Method turns everyday stuff into material for quantum computers

A “bending station” can change the electrical characteristics of materials at the atomic scale. (Credit: Steve Zylius/UC Irvine)

Researchers have discovered a new method that transforms everyday materials like glass into materials scientists can use to make quantum computers.

“The materials we made are substances that exhibit unique electrical or quantum properties because of their specific atomic shapes or structures,” says Luis A. Jauregui, professor of physics & astronomy at the University of California, Irvine, and lead author of the paper published in Nature Communications.

“Imagine if we could transform glass, typically considered an insulating material, and convert it into efficient conductors akin to copper. That’s what we’ve done.”

Conventional computers use silicon as a conductor, but silicon has limits. Quantum computers stand to help bypass these limits, and methods like those described in the new study will help quantum computers become an everyday reality.

“This experiment is based on the unique capabilities that we have at UCI for growing high-quality quantum materials. How can we transform these materials that are poor conductors into good conductors?” says Jauregui, who’s also a member of UCI’s Eddleman Quantum Institute.

“That’s what we’ve done in this paper. We’ve been applying new techniques to these materials, and we’ve transformed them to being good conductors.”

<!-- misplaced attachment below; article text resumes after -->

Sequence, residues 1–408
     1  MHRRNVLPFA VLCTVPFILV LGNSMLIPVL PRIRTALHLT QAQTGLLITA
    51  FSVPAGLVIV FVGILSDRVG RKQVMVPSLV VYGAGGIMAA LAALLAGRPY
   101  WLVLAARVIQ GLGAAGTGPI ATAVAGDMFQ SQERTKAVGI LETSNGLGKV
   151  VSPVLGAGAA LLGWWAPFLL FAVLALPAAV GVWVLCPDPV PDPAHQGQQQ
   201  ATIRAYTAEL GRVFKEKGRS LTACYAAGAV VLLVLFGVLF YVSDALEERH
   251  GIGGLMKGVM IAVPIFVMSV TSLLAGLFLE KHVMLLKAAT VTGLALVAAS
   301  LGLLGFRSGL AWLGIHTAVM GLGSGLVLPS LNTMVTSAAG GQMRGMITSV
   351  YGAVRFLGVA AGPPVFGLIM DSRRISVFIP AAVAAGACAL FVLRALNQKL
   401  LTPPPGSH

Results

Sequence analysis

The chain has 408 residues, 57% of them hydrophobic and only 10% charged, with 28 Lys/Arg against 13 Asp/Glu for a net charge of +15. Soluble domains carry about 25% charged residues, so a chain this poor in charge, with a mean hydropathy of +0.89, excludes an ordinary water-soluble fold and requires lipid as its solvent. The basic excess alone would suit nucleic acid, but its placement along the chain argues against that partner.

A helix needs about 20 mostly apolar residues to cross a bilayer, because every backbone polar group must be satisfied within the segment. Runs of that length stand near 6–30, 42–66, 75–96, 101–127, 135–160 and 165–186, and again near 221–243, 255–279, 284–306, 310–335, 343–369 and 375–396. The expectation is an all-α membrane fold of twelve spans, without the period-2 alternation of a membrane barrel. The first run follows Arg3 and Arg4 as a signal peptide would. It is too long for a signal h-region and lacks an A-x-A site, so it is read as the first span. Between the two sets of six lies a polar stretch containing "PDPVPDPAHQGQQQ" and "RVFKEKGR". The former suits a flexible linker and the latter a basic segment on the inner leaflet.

The key, Jauregui says, was applying the right kind of strain to materials at the atomic scale. To do this, the team designed a special apparatus called a “bending station” that allowed them to apply large strain to change the atomic structure of a material called hafnium pentatelluride from a “trivial” material into a material fit for a quantum computer.

“To create such materials, we need to ‘poke holes’ in the atomic structure,” says Jauregui. “Strain allows us to do that.”

“You can also turn the atomic structure change on or off by controlling the strain, which is useful if you want to create an on-off switch for the material in a quantum computer in the future,” says first author Jinyu Liu, a postdoctoral scholar working with Jauregui.

“I am pleased by the way theoretical simulations offer profound insights into experimental observations, thereby accelerating the discovery of methods for controlling the quantum states of novel materials,” says coauthor Ruqian Wu, professor of physics and associate director of the UCI Center for Complex and Active Materials.

“I’m excited that our team was able to show that these elusive and much-sought-after material states can be made,” says coauthor Michael Pettes, a scientist with the Center for Integrated Nanotechnologies at Los Alamos National Laboratory. “This is promising for the development of quantum devices, and the methodology we demonstrate is compatible for experimentation on other quantum materials as well.”

Right now, quantum computers only exist in a few places, such as in the offices of companies like IBM, Google, and Rigetti.

“Google, IBM, and many other companies are looking for effective quantum computers that we can use in our daily lives,” says Jauregui. “Our hope is that this new research helps make the promise of quantum computers more of a reality.”

Funding came from the UCI-MRSEC, an NSF CAREER grant to Jauregui, and Los Alamos National Laboratory Directed Research and Development Directed Research program funds.

Source: UC Irvine